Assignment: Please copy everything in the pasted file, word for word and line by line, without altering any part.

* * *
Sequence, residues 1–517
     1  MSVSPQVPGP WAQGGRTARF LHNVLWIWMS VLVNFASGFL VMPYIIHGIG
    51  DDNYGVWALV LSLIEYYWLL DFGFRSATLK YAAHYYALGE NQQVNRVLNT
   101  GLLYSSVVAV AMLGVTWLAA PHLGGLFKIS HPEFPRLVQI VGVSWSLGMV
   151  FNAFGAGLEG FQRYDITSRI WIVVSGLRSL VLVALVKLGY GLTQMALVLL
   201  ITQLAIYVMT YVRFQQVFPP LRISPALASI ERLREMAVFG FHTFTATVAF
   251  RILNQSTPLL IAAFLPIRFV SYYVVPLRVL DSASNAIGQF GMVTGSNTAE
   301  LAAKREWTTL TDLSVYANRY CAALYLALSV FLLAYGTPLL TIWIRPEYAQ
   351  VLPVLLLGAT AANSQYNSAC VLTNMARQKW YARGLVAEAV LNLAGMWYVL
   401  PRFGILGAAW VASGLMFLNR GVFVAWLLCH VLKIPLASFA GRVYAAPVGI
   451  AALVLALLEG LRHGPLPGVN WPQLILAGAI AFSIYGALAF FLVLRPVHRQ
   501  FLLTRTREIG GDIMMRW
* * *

Sequence, residues 1–517
     1  MSVSPQVPGP WAQGGRTARF LHNVLWIWMS VLVNFASGFL VMPYIIHGIG
    51  DDNYGVWALV LSLIEYYWLL DFGFRSATLK YAAHYYALGE NQQVNRVLNT
   101  GLLYSSVVAV AMLGVTWLAA PHLGGLFKIS HPEFPRLVQI VGVSWSLGMV
   151  FNAFGAGLEG FQRYDITSRI WIVVSGLRSL VLVALVKLGY GLTQMALVLL
   201  ITQLAIYVMT YVRFQQVFPP LRISPALASI ERLREMAVFG FHTFTATVAF
   251  RILNQSTPLL IAAFLPIRFV SYYVVPLRVL DSASNAIGQF GMVTGSNTAE
   301  LAAKREWTTL TDLSVYANRY CAALYLALSV FLLAYGTPLL TIWIRPEYAQ
   351  VLPVLLLGAT AANSQYNSAC VLTNMARQKW YARGLVAEAV LNLAGMWYVL
   401  PRFGILGAAW VASGLMFLNR GVFVAWLLCH VLKIPLASFA GRVYAAPVGI
   451  AALVLALLEG LRHGPLPGVN WPQLILAGAI AFSIYGALAF FLVLRPVHRQ
   501  FLLTRTREIG GDIMMRW